Our three hour trip back to Lusk Lodge 2.0 felt shorter because of a quick lunch stop at a Whataburger, and a pause at a charming fruit and nut stand that had every sort of preserve imaginable. On the drive back, the trees seemed less imposing and a bit more inviting, just as all the people in Texas had, from the gracious hosts we spoke with to the people we encountered in gas stations and along the way. Texas was more and more welcoming the more time we spent there. We paused briefly at the Lusks' home to tour Bob's tilapia-rearing and over-wintering facility, a sharp reminder of his aquaculture background. But soon, we were back in the vehicles for another 45-minute drive.
Another Day: Another Lake
We were headed to another property, where dam construction was in progress for what would soon be a 90-acre lake. As predicted, the short jaunt into Oklahoma was uneventful, that is, until we pulled off the highway and were finally allowed to see the back roads. The highways hid much, for the dirt roads revealed gorgeous scenery, even in the dismal month of December. By the time we arrived at the property where the lake would soon be, we were in awe. Ninety acres looks a lot bigger when you stand on a hill and look down to what will soon be a lake with an average depth around 15-20 feet. Bob gathered us around him and explained the history of the property along with the goals, then set us free to explore in groups. When we returned, he asked for our recommendations for fish habitat, and we gleaned more knowledge from this fishery sage by openly discussing the plans and asking questions as they arose. When we had slaked our thirst for knowledge, we were rewarded with a quick trip to the grotto where a gorgeous waterfall awaited our cameras. It was this area that had drawn the owner to the property and had even limited the size of the lake being created, for to build any larger would destroy the waterfall, taking with it a natural wonder.
Zip Line Escapade
After a short drive back to the Lusk's property, we devoured the generous dinner offered to us. A curious thing happened before dinner, though. One of the students had boasted the first night about taking advantage of the zip line that ended in the pond at the Lusks home. The weather had been warmer than in South Dakota, but still wasn't exactly swimming temperature. So naturally, others reminded him of this boast, and he was forced to keep to his claim that he would zip-line into the pond. Two others willingly followed his lead, even when he squealed like a piglet upon hitting the 49 °F water. After the third contender, the zip line went slack, but spaghetti distracted us temporarily from our dismay. Immediately after dinner, we resumed our interest in the pond, and another four of us along with one of the original three jumped off the dock multiple times into the cold water. It was exhilarating to go from the freezing water to the hot tub that Debbie offered, and still more so when she brought our dessert of ice cream to us in the hot tub.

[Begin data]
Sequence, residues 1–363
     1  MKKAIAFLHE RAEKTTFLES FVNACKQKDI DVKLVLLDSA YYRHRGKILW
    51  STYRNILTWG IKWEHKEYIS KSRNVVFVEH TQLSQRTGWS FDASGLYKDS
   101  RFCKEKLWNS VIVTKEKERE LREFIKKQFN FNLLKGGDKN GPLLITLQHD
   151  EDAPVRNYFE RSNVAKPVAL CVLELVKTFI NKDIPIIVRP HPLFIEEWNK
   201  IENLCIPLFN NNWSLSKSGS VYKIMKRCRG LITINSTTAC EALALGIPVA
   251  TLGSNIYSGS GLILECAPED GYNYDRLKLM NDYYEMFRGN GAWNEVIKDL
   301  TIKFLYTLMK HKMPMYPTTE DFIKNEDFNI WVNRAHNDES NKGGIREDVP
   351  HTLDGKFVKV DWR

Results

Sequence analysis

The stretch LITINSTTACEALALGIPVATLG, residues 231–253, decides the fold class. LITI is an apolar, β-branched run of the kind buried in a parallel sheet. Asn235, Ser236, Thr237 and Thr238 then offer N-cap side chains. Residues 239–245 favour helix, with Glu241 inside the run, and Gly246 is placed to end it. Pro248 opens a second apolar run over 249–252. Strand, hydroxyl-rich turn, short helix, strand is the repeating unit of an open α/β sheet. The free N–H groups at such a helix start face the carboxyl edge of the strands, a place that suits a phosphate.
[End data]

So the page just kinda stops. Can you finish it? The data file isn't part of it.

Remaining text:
The rest of the evening was spent talking outside around a fire, reminiscing on the trip and the knowledge we had gained. That evening proved, once again, how knowledgeable Bob is and how enthusiastically he shares that knowledge. As the fire died down, we filtered back into the house to entertain ourselves for another hour or so before we all settled into sleep that would too soon be interrupted by another early departure.
December 19, Sixteen-hour Return Trip
Bob and Debbie had risen to see us off at 4:00 a.m.. Packing the vehicles wasn't as tidy a process as when we began our trip, but everything managed to fit in the limited amount of space. The first few hours were dreary and rainy, and it was hard to stay conscious with the continuous pattering of rain. Yet again, the sun proved that it has the power to awaken the world. Lunch was at a local diner in Kansas and proved to be quite an adventure in itself. Three of our crew took on the "Bigfoot Challenge" that consisted of a very large chicken fried steak sandwich, mounds of french-fries, and an extra dish of gravy. Despite the fact only four other brave souls who attempted the challenge were able to finish it, two of our three contestants excelled. The last leg of the drive back began with much anticipation that those of us riding in the van would have to revisit the Bigfoot Challenge, albeit this time in a much more unpleasant state. Thankfully this fear did not come true, and our trip culminated in an unceremonious return with all going our separate ways.
We had become a family in the short time we visited with the Lusks, Mitchells, and all others we had met on the trip, and it was hard to say goodbye. When we left Texas, we left behind pieces of ourselves that we had exchanged for an incredible amount of knowledge as well as a profound gratitude for the unprecedented hospitality we received. We took with us memories of experiences that will not soon be forgotten and, more importantly, made connections with genuine people that possess the same profound appreciation for the natural world.
Editor's Note: As many of our readers know, Pond Boss supports the Jesse W. West endowment at South Dakota State University. The university and Pond Boss have a wonderful, mutually beneficial relationship and we all help each other, especially when there's an opportunity to include students. This event is fruit from that relationship.
Reprinted with permission from Pond Boss Magazine